The lower court entered a consent order that appointed a forensic custody evaluator. She was supposed to look at the parents’ behavior and their mental health and make recommendations about treatment if needed. The court updated the earlier order and gave the parents joint physical custody on a rotating schedule.
The father again moved for a custody modification due to the mom’s refusal to follow the order. He claimed the mother had acted to alienate the sons from him. At a permanent custody hearing, the mother moved to exclude the custody evaluation report of a doctor. This motion was denied and the doctor was accepted as an expert. The court ordered that the mother would have no contact with the kids until she completed a particular program.
She appealed and argued that the court should have excluded the doctor’s expert testimony because it wasn’t relevant or reliable and that the court shouldn’t have suspended her visitation. The appellate court explained that expert testimony must: (1) be based on technical, scientific or specialized knowledge that would help a trier of fact understand evidence, (2) the expert has to be qualified as such by education, training, experience, knowledge or skill, and (3) the testimony must be reliable in that: (a) it is based on enough data or facts, (b) it must be the product of reliable methods or principles, and (c) the witness applied the methods and principles reliably to the facts of the case.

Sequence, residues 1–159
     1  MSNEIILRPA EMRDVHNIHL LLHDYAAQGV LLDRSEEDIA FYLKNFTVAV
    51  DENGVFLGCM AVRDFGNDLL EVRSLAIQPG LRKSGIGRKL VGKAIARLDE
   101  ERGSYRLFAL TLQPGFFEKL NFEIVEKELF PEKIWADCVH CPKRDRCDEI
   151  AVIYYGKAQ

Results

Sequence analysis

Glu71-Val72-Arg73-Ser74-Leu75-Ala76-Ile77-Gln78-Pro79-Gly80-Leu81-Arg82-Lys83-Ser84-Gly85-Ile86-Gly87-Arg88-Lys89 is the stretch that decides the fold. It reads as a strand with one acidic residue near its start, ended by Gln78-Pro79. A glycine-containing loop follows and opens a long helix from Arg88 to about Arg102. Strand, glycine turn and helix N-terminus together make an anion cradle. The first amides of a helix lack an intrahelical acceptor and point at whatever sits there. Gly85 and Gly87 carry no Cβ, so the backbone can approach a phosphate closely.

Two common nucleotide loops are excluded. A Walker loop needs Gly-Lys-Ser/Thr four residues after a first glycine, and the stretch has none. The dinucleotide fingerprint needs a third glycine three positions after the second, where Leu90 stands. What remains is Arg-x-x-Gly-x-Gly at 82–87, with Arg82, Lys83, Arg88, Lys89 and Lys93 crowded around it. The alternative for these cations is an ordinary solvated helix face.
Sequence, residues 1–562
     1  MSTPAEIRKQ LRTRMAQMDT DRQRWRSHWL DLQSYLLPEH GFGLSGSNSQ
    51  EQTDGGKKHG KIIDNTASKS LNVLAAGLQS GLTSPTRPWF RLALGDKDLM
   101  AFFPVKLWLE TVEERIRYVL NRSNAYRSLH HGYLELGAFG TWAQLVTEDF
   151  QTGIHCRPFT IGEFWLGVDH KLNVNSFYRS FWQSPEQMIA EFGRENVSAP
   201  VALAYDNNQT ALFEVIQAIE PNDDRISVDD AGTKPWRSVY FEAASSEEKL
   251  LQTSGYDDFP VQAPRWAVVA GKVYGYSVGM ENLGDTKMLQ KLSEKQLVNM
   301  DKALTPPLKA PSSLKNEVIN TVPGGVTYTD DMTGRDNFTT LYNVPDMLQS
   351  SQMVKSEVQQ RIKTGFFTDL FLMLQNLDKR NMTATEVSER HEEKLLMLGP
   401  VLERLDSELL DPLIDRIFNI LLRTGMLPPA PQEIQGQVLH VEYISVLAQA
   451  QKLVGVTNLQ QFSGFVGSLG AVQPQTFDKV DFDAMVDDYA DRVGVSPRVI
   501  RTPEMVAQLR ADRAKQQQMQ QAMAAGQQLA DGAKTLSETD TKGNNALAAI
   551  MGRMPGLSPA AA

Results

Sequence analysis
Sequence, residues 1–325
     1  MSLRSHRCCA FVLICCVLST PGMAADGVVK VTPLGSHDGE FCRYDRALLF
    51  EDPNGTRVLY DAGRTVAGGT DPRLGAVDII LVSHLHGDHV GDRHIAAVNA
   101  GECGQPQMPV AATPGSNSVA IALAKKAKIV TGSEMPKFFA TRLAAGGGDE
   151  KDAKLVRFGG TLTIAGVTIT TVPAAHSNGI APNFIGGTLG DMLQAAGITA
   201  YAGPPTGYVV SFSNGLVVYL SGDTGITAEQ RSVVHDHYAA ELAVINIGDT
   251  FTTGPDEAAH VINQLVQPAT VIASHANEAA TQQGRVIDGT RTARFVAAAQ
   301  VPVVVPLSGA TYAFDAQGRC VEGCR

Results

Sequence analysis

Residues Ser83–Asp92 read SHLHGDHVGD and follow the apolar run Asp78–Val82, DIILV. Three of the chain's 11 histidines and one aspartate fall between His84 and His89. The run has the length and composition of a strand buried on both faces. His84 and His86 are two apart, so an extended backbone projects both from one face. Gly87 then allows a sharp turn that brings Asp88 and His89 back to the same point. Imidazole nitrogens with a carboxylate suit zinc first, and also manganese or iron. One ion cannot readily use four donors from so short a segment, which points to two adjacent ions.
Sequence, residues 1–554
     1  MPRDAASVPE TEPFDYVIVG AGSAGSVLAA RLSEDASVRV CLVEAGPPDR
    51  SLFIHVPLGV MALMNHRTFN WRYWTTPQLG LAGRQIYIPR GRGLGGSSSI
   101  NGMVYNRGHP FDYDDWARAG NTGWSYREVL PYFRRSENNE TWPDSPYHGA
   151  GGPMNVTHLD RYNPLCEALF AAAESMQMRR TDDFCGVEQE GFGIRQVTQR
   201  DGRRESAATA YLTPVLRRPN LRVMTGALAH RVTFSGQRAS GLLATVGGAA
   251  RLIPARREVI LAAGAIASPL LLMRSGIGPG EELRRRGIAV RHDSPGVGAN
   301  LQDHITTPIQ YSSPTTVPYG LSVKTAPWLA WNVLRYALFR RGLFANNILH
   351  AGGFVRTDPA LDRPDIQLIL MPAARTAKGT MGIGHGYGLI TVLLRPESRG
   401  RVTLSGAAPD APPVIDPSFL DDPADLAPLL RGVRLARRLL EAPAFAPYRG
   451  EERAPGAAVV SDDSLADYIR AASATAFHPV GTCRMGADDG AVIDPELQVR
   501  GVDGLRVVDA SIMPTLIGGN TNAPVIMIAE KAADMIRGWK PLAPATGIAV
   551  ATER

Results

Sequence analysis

The doctor’s testimony met all the above criteria and she’d spent a year on her custody evaluation. The appellate court found no abuse of discretion. Similarly, it found there was no abuse of discretion with regard to the temporary and conditional suspension of the mother’s visitation. The lower court had ample evidence that the mother intentionally tried to alienate the children’s love for their father and that this was harmful to their welfare. It also found that the expert’s testimony that the mother had started to use homeschooling as a weapon to damage the children’s relationship with the father was supported.
The order was affirmed.